For whitlow’s tumor, a trapper who has worked with animals and a farm for quite some time, or placed his hands too often in a bed of rotten firewood wood to pick up an old log for the fireplace, will probably more than once get the paronychial inflammation of his nail bed due to infection by a bacterium, an animalcule he will probably never learn about.  He’ll have the experience to know this is something that hopefully will pass and not get to be too painful.  The same could be said for the two cold sores perhaps, and almost certainly the complaint about a sty in the eye. 

If we now go up one level in difficulty for knowing your diseases and their differences, sticking with the skin infection problems sometimes likened to “cancer” for a moment, The sexually transmitted diseases are a problem, with the chancre due to syphilis being a condition that only the trapper would know about and understand due to where the symptoms lie.   But the Herpes whitlow in the finger is a totally new form of whitlow’s tumor–one that will behave differently than the traditional, a condition that someone like the trapper is going to have to pay attention to–‘this could be the real cancer’ he might be saying to himself.  Likewise there are going to be some fairly big issues with staph infections.  If this wasn’t already a problem during one of the past occupations, it will most certainly become a problem once the animals have to be cut for their hides or the pelts piled up neatly in a good place for storage until the next rendezvous.  

Likewise the “Giant Cell Tumor”, which really isn’t a tumor at all, could become a problem for trappers due to all the handicraft work he is doing.  This condition sets in when you use your joints in your hands repeatedly for the same tasks, again and again causing the nerves to stop working correctly and the places where a nerve passes through a joint, like in the wrist, to swell up.  If such a thing as an occupational disease was ever noted for trappers, this could be one of them for long-lived trappers, placed alongside bear claw gashes, cut hands and fingers, broken bones from accidentally activating a trap, or the loss of a leg due to a tree fall.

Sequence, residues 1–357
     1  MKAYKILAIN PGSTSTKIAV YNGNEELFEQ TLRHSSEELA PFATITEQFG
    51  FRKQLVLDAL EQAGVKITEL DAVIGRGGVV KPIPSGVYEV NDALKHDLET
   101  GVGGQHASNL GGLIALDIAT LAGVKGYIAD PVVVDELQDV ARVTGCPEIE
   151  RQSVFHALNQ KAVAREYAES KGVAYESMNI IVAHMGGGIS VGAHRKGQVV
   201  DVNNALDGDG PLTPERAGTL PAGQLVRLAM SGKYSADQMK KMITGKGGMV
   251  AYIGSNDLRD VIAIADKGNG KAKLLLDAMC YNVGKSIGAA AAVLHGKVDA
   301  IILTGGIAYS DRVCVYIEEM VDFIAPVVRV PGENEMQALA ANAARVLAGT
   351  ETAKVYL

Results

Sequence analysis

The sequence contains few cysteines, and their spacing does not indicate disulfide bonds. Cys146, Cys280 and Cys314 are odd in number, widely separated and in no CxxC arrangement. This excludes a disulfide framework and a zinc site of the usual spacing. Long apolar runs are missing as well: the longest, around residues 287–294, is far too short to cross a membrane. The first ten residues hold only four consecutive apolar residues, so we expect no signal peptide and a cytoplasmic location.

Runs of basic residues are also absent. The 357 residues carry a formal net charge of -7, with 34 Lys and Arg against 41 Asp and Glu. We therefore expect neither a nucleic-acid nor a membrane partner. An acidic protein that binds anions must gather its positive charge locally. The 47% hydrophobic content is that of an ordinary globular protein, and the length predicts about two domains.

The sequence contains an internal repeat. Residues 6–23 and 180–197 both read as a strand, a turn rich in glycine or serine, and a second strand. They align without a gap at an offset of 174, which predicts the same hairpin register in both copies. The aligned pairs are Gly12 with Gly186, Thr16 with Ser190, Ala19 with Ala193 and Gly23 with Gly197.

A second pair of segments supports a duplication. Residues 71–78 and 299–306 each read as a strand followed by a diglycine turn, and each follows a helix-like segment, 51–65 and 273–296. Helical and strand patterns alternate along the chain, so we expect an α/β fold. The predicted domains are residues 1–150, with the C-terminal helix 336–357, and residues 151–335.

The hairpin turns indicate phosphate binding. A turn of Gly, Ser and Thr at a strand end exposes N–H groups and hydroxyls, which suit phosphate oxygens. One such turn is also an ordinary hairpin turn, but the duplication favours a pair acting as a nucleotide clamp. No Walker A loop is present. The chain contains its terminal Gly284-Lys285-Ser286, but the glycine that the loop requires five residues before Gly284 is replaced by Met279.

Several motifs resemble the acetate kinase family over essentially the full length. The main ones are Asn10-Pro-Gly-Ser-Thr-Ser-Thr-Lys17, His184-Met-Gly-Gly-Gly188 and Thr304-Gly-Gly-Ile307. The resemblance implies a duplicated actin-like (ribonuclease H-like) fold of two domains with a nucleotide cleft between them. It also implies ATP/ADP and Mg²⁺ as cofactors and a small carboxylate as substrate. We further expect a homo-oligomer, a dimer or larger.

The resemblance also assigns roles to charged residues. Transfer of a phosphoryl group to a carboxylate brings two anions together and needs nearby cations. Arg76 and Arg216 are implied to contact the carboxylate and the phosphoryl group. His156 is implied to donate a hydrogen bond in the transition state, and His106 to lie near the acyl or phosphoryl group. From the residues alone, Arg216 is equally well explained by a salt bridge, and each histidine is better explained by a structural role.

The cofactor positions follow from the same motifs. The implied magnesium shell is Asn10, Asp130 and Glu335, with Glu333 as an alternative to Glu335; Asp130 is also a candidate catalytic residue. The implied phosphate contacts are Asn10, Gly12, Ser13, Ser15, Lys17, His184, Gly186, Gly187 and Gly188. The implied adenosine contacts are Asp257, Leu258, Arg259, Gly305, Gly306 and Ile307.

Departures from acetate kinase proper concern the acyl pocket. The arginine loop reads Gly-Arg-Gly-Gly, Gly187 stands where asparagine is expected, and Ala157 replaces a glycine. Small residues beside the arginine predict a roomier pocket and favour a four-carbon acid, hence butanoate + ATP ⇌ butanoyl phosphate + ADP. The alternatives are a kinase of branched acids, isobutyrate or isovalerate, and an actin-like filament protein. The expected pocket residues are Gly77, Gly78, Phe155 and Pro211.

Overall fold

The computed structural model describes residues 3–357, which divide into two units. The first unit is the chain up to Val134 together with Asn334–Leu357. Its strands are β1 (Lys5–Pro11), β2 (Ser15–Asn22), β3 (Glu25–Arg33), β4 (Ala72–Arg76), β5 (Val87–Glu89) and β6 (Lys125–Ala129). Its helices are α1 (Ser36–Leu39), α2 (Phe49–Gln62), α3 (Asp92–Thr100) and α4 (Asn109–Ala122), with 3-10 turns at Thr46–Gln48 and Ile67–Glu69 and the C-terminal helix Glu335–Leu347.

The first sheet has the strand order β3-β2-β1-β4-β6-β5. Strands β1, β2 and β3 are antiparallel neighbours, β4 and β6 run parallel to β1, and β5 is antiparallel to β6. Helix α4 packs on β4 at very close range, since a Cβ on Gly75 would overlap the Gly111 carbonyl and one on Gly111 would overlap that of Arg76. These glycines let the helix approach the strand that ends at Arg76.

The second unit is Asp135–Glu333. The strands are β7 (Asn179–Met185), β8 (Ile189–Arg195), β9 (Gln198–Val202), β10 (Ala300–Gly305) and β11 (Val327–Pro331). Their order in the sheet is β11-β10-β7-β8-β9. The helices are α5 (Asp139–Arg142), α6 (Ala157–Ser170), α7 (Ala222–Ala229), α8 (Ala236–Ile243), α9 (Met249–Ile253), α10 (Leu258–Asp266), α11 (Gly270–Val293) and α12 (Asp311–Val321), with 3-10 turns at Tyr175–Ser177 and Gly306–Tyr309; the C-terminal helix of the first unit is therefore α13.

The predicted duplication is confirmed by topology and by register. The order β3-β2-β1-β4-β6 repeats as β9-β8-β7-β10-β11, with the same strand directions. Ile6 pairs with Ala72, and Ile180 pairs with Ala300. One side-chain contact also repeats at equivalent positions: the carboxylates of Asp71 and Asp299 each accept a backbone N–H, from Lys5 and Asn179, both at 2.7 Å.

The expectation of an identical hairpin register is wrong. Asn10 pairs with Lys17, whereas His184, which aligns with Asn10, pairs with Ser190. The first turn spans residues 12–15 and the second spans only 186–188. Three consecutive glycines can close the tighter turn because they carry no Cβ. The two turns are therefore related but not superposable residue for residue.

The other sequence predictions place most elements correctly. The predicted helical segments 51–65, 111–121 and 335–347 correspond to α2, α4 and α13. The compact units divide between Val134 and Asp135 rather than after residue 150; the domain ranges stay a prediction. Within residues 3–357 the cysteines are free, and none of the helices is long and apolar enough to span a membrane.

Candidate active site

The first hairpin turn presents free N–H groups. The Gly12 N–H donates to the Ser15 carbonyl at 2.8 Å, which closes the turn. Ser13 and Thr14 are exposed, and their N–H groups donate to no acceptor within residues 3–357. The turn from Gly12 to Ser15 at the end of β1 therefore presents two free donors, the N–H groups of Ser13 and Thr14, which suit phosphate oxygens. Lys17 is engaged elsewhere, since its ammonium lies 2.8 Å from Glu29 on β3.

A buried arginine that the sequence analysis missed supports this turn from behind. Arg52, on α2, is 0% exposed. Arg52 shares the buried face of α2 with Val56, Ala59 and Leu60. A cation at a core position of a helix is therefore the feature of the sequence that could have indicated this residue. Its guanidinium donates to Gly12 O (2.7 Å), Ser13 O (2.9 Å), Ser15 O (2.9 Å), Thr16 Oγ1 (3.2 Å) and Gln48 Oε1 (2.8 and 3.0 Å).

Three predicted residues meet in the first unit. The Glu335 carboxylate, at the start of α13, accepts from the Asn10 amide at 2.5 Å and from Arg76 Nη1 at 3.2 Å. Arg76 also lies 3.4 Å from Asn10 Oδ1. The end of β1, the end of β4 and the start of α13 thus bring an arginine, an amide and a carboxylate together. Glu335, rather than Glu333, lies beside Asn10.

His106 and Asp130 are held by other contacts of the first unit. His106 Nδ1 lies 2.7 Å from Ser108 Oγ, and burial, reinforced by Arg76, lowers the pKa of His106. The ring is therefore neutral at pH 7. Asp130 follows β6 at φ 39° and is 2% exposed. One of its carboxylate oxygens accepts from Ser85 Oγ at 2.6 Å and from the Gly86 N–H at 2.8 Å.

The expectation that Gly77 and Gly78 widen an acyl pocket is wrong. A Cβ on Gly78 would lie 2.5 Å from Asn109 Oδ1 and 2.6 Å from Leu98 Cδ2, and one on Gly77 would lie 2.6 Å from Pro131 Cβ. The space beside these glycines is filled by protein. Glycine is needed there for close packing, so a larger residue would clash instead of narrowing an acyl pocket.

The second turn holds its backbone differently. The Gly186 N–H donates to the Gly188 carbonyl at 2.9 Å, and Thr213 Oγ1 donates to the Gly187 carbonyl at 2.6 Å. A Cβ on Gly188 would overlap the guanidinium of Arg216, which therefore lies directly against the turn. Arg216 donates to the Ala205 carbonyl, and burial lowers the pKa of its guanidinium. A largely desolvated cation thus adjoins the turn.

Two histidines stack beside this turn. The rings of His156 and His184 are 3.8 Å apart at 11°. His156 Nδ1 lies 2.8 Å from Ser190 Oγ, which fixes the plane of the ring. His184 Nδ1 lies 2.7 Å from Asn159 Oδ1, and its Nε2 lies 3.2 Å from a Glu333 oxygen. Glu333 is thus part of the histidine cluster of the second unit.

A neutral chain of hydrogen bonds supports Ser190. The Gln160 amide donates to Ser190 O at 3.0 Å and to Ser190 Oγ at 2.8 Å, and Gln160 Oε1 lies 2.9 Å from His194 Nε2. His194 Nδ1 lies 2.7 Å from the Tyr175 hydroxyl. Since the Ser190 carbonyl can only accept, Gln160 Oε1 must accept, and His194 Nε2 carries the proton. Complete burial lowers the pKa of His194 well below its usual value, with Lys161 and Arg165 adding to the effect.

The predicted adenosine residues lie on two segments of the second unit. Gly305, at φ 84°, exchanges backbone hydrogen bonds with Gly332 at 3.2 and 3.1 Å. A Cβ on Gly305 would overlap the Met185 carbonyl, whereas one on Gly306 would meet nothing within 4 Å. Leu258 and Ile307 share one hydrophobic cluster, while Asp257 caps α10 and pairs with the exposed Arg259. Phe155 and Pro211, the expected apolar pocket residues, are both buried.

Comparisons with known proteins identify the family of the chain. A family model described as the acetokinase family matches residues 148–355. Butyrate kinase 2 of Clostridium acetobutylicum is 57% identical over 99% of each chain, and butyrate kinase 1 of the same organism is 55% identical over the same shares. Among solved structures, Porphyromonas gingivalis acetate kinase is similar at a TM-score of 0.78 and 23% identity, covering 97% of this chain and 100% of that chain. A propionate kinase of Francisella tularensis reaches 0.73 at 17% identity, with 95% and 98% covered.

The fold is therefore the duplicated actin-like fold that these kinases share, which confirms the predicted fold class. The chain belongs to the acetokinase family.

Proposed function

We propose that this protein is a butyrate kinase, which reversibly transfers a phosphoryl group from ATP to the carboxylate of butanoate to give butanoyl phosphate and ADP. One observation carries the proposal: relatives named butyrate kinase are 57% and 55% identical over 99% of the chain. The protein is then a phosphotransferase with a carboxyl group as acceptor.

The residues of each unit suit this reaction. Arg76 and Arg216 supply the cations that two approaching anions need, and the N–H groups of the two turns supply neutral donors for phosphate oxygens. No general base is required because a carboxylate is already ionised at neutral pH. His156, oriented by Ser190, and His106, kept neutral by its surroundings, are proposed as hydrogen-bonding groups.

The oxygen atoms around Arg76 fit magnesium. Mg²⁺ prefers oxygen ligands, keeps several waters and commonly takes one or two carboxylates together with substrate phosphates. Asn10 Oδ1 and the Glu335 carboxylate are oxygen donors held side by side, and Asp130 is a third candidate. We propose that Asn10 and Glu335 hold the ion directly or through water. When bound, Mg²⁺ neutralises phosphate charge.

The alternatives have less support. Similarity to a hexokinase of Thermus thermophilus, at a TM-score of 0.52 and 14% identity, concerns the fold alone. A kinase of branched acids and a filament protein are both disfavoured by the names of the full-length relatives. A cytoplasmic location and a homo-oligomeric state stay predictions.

The remaining sets of diseases in the pictures above are unusual infectious diseases and long term chronic disease consequences of growing old with some medical condition, a condition which sent you into the mountains for in the first place.

Next there is the  problems with gnats, mosquitoes and ticks.  The first one isn’t so much a problem.  But the mosquitoes can make you sicker if they are carrying anything.  In the right places, they’ll usually just give you one of several kinds of fevers–the intermittent, remittent and constant.   But none of these are on my list.  The mosquito can also give you leishmaniasis, if you were in the right settings since it is not really found much in North America.  But if you got it, this would certainly give you a decaying ulcer in the skin, or even the ear and nose, causing these parts to begin to swell, redden, get significantly deformed, and they start to slough off of your body.  Now that would most likely be called an aggressive form of “cancer.”

The tick is going to give you mountain fever as a trapper.  This kind of fever comes a few days after passing through the Idaho and Wyoming high elevation regions mostly. (Back then this is pretty much where these ticks were kept isolated by nature.)  But the spotted fever will get to you and you will know it due to the fever and the skin rash you are getting.  Usually you rule this out as a problem that has nothing to do with “cancer,” since most trappers and mountainmen are very familiar with this malady, by story or experience.  But you could have a problem if someone asked you to describe the difference between this and the other spotted fever back east, along with the small pox or measles.